As a distinguished consultant, Dr. Hilliard has worked with many of the leading school districts, publishers, public advocacy organizations, universities, government agencies and private corporations on valid assessment, African content in curriculum, teacher training, and public policy. Several of his programs in pluralistic curriculum, assessment, and valid teaching have become national models. Dr. Hilliard designed the approach and selected the essays that appeared in The Portland Baseline Essays (Portland, OR) which represent the first time that a comprehensive global and longitudinal view of people of African ancestry has been presented in a curriculum.

In 2001, Dr. Hilliard was enstooled as Development Chief for Mankranso, Ghana and given the name Nana Baffour Amankwatia, II, which means “generous one.” Dr. Hilliard spent more than thirty years leading study groups to Egypt and Ghana, as part of his mission of teaching the truth about the history of Africa and the African Diaspora. He co-chaired the First National Conference on the Infusion of African and African- American Content in the School Curriculum in Atlanta. Dr. Hilliard was a founding member and First Vice President of the Association for the Study of Classical African Civilizations and a founding member of the National Black Child Development Institute. Dr. Hilliard was also a key advisor for the African Education for Every African Child Conference, held in Mali and sponsored by the government of Mali.

Dr. Hilliard has authored more than a thousand publications including journal articles, magazine articles, special reports, chapters in books, and books. Some of his publications include The Maroon Within Us: Selected Essays on African American Community Socialization (Black Classic Press 1995); SBA: The Reawakening of the African Mind (Makare Publishing 1997), and African Power: Affirming African Indigenous Socialization in the Face of the Cultural Wars (Makare Publishing, 2002), to name a few. Also, he has received hundreds of awards and recognitions from many prestigious organizations and institutions including the Morehouse College “Candle in the Dark Award in Education,” National Alliance of Black School Educators “Distinguished Educator Award,” American Evaluation Association, President’s Award, and the Republic of Liberia Award as Knight Commander of the Humane Order of African Redemption.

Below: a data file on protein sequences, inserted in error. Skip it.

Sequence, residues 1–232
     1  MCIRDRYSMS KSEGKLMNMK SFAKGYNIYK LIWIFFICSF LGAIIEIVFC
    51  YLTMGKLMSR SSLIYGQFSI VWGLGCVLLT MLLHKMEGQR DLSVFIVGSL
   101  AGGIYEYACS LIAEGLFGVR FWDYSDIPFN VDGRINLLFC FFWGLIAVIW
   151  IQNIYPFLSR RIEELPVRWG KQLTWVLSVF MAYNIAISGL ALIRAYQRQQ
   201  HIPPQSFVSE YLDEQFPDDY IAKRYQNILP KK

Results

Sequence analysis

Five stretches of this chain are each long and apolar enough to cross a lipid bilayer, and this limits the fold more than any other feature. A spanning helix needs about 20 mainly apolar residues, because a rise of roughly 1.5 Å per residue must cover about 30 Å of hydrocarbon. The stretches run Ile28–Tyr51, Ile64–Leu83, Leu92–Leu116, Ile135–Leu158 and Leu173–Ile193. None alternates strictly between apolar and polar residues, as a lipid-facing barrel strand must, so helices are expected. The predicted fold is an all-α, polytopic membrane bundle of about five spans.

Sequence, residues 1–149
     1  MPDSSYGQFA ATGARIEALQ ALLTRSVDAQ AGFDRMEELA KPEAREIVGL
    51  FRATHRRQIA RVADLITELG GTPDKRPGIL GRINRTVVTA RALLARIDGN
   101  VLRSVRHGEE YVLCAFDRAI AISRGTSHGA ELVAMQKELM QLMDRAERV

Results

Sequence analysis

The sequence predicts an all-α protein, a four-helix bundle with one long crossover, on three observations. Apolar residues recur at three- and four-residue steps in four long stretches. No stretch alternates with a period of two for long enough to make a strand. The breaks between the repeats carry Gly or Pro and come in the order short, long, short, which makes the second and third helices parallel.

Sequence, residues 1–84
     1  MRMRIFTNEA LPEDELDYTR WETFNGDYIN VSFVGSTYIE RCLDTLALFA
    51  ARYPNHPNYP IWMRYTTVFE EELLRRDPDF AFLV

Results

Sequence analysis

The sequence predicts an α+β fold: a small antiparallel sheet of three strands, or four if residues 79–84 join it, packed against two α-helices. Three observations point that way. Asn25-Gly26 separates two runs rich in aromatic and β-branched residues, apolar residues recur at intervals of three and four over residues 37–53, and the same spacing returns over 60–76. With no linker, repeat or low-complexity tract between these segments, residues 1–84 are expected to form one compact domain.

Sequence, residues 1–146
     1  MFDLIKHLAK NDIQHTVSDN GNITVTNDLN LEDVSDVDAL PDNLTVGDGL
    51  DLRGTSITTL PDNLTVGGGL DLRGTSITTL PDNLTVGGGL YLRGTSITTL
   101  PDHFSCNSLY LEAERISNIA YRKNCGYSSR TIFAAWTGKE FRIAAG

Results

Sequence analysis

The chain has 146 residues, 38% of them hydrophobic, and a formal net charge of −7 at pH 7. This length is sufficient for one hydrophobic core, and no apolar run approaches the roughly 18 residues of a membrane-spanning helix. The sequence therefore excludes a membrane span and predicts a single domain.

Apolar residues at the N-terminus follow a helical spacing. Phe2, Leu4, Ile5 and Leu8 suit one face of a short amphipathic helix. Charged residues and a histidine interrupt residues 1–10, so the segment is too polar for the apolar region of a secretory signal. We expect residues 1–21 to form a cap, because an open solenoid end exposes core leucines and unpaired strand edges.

“We do not know who we are, cannot explain how we got here, and have no sense of our destiny beyond mere survival. Most of us hope to hitch a ride on someone else’s wagon with no thought whatsoever as to where that wagon may be going. We have no destination of our own. Ask our leadership, ask our women, men or children on the street what our agenda is. Ask them what plans Africans have and what we want to build for ourselves within the next five, ten, twenty-five, seventy-five or one-hundred years? We are so used to having others make long-term plans for us that the idea of our own five-year plan is petrifying to us.”
-Asa G. Hillard, III